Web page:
Affidavit of Title – December 1, 2021

Affidavit of title is a legal document provided by the seller of a piece of property that states the status of potential legal issues involving the property or the seller. It is a sworn statement of fact that specifies the seller of a property holds the title to it.  This was designed to protect the buyer from any outstanding legal issues and if an issue were to arise at a later date, they can use this document in court.

Most states require an affidavit of title as part of the legal paperwork required for transferring any property from one party to another. It is also generally required by a title company before it will issue title insurance. Not every affidavit will be the same and there may be some exclusions from the affidavit of title. Some may differ depending upon the circumstances of the real estate transaction and what state it is occurring.

Guidelines for an affidavit of title will vary from state to state. Regardless, the basic contents include personal details about the seller, including a name and address. In addition, an affidavit of title will also contain:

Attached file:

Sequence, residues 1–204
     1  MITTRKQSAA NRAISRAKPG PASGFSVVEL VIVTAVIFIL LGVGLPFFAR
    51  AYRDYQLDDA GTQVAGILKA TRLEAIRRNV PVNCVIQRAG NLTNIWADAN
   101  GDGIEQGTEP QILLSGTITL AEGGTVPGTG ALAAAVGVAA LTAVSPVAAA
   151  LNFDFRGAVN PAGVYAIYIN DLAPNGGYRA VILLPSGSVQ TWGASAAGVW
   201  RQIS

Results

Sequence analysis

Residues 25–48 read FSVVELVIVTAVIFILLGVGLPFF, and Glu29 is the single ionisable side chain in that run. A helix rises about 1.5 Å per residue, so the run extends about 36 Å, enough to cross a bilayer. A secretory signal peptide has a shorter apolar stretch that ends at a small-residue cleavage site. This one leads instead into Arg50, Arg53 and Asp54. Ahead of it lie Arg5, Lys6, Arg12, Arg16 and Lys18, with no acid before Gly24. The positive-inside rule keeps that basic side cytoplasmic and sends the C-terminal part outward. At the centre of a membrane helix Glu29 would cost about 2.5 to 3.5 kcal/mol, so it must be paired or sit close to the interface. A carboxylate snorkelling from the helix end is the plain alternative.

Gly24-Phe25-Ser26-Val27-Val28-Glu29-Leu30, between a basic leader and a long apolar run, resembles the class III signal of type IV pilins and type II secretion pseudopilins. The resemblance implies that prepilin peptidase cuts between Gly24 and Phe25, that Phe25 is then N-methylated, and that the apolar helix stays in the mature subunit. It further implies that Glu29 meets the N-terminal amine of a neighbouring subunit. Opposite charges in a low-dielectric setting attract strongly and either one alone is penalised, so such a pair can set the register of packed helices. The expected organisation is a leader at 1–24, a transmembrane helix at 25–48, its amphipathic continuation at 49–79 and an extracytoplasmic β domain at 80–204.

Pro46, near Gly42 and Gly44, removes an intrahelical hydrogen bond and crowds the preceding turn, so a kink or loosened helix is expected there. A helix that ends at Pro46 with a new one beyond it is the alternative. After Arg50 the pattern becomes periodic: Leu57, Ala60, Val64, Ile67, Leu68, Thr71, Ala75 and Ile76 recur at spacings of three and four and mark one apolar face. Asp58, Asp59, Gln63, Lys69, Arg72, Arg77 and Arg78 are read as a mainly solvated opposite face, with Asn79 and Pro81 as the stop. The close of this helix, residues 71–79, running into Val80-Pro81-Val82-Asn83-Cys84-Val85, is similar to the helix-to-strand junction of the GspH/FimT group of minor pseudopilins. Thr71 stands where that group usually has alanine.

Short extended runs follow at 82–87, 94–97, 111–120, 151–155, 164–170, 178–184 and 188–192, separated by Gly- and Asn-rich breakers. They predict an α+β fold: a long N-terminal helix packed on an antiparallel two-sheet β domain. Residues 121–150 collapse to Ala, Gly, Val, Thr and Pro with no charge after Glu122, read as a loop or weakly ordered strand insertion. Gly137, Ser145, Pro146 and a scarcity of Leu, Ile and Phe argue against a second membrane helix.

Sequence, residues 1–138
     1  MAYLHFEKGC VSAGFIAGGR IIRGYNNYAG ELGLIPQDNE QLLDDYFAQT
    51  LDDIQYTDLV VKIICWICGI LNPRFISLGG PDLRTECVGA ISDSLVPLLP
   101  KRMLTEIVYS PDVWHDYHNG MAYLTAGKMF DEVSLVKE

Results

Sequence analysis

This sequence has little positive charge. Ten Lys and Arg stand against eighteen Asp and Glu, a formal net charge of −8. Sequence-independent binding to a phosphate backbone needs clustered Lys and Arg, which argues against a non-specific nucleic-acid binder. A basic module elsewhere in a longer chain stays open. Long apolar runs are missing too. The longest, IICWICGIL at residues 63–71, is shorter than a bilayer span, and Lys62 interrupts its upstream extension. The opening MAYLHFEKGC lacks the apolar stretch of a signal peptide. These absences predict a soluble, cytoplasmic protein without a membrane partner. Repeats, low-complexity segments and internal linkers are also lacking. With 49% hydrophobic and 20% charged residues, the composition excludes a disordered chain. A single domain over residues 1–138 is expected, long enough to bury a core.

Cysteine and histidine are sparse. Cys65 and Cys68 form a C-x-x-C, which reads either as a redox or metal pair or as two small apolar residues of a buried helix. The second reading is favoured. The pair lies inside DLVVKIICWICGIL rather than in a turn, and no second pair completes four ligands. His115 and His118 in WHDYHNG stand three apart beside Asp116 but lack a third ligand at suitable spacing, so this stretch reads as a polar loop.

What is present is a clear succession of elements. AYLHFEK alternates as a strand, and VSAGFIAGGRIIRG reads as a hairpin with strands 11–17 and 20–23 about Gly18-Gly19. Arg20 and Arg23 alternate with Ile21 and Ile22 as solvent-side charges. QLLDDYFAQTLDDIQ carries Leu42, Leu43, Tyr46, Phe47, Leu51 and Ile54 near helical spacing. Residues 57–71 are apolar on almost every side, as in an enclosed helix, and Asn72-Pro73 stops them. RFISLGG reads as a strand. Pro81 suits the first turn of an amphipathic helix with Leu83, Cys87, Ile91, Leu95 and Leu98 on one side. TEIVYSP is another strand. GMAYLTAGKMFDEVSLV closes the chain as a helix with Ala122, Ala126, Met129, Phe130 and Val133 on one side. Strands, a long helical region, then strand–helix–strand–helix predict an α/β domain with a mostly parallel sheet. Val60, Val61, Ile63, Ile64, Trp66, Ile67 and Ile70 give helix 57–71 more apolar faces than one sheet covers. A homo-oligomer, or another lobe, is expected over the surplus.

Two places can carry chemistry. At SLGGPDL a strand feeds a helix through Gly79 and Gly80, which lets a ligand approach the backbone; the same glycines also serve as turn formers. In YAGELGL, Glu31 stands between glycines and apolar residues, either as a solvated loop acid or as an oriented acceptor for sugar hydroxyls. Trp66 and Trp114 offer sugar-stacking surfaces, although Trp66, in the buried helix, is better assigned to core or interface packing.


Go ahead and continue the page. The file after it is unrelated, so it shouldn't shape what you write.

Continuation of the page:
• The seller is the true and exclusive owner of record for the property being sold
  • The seller is not concurrently selling the property to anyone else
  • There are no liens or assessments outstanding against the property
  • The seller has not declared bankruptcy or is not currently in the bankruptcy proceedings

Some may think that an affidavit of title has no benefits for a homebuyer when actually, it has many to offer. Mainly, it adds protection against the seller for the buyer that the property is free and clear of any major legal problems involving claims of ownership by other parties. Along with this, it offers the buyer another written document to be used against a seller incase any future problems come up when someone claims to have a lien against or ownership of the property. Finally, an affidavit of title can offer guarantees about the property that may not otherwise be available to the seller.

Title companies usually require the buyer to have an affidavit of title. This is to ensure that the property is free and clear of any claims and that there are no other owners of the property. The title company wants any problems to be cleared up by the time of the closing.

If you are about to buy property, you want to be sure that no one else can claim better title due to an error in the county recording office. It is also important to know if the land you are about to purchase has any unpaid taxes or even if neighbors were disputing the boundaries of the property. By obtaining an affidavit of title, you can help clarify these issues before finalizing your purchase. Not only does it aid a homebuyer, but as a homeowner, it helps solidify your claim of ownership.